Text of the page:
Skip to Main Content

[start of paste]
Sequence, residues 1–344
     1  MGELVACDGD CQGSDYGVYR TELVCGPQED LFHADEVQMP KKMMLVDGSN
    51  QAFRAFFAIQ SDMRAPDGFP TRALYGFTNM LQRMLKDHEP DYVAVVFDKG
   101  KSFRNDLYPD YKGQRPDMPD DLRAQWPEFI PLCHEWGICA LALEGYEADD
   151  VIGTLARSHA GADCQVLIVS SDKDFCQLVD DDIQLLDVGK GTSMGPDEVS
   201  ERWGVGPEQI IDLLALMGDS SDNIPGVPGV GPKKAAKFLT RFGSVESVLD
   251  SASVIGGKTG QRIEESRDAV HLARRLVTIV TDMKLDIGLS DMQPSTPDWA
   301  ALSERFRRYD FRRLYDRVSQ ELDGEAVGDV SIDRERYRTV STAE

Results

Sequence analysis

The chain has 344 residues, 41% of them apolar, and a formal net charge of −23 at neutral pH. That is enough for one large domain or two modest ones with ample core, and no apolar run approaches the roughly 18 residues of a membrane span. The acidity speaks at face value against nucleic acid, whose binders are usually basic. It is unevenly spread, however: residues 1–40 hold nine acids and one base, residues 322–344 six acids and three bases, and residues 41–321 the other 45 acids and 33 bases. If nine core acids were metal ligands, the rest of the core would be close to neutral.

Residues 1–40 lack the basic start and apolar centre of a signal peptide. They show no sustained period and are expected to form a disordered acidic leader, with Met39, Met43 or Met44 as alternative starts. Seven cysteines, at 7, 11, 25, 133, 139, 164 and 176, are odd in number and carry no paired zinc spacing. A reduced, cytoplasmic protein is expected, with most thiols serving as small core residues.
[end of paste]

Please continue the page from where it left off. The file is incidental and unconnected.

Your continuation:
While it demonstrated its capability to simulate many common situations, Spacecraft Plasma Interaction Software (SPIS) open source code lacked the possibility to model more challenging situations. The major cases of interest were identified as related to either multitimescale or multiphysical situations. Two major improvements were brought to SPIS code to answer these needs. The first one was an implicit circuit solver with an automatic determination of time steps. The implemented Newton-type algorithm makes use of a predictor for the plasma current variations when surface potentials change. The second major development was a multiphysical model for electrons. The approach consisted in using equilibrium or dynamical electron models in two different zones and connecting these zones at their boundary through a Child-Langmuir (CL)-type condition. Fulfilling this condition dynamically determines the location of the boundary and the electron current to be injected from the dense thermal zone to the space-charge zone. These new features were then used to simulate validation and application cases. The first one consisted in modeling a charging situation in GEO, which had been modeled with NASA charging analyzer (NASCAP) codes and published. Concerning the multiphysical model of electrons, the loop controlling the CL condition was first tested on elementary cases, exhibiting a good qualitative and quantitative behavior. It was then applied to the modeling of a ground experiment performed in JONAS plasma tank at the Office National d'Etudes et Recherches Aérospatiales, i.e., the expansion of the flashover generated by an electrostatic discharge over a precharged solar array coupon, leading to its neutralization.